Alabama NRCS Hosts Land Judging Workshop for Agriscience Teachers
Auburn, Ala, July 8, 2010
On June 29-30, 2010, the Natural Resources Conservation Service (NRCS) hosted a workshop for the Alabama FFA Association’s Land Career Development Event (CDE), commonly known as land judging event.
Twenty-nine high school agriscience teachers from across the state joined the workshop, making it the most attended workshop ever.
The first day was an indoor session devoted to clarifying and updating the CDE rules and how to improve and promote the event. Every teacher had the opportunity to express ideas on making the rules clear and the competition a better learning experience and more enjoyable for their students. In the afternoon, NRCS State Administrative Officer Heather Pouncy joined the group to discuss career opportunities available with NRCS.
The second day was spent in the field with NRCS technical staff and participating in demonstrations on four sites--forestland, homesite, cropland, and pastureland. The ag teachers had the chance to discuss with the experts how to sharpen the skills of their students to better prepare them for the competitions.
To be an effective competitor, students must know the difference in soils and their capabilities, methods of soil conservation and improvement, treatments to help obtain higher production, and how to select suitable home sites. The teachers are passionately involved in helping their local high school team members learn more about land to prepare them for land judging in county, district, state, and national contests.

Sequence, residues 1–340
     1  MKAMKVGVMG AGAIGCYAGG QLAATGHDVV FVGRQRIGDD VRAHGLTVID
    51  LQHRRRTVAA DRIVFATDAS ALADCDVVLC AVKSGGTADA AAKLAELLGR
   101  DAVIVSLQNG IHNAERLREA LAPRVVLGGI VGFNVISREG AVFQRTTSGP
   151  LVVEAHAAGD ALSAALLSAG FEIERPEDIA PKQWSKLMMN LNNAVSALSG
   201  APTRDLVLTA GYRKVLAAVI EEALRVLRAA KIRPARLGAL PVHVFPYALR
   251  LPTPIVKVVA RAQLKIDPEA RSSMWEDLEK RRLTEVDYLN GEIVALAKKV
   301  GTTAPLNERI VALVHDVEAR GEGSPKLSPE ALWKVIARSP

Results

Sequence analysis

NRCS staff included State Staff Forester Tim Albritton, State Agronomists Eddie Jolley and Eric Schwab, MLRA Soil Survey Leader Lawrence McGhee, and Elmore, Coosa, and Tallapoosa Counties District Conservationist Pam Mason. Alabama FFA Association Education Specialist Philip Paramore, from the Agriscience Education Auburn Field Office coordinated the registration with the ag teachers.
Tim Albritton said, “The workshop was very good. The teachers seemed to enjoy the training and found it worthwhile. We had an excellent group and some new faces.”
At each CDE competition, high school teams consist of four students. The team members evaluate four sites, forestland, homesite, cropland, and pastureland. Each site has a soil pit so students can see all the layers of the soil. At each site, students describe the features of the land such as slope and soil texture and structure and rate the land capability class. Students then evaluate the soil for its land use whether it is production agriculture or building homes, and estimate drainage and erosion. After the land is evaluated, students use score cards to make recommendations for land conservation practices. Scores are based on how closely students’ evaluations match evaluations of the official judges.
For more information on the Alabama FFA Association Land Career Development Event, visit their website at: http://www.alabamaffa.org/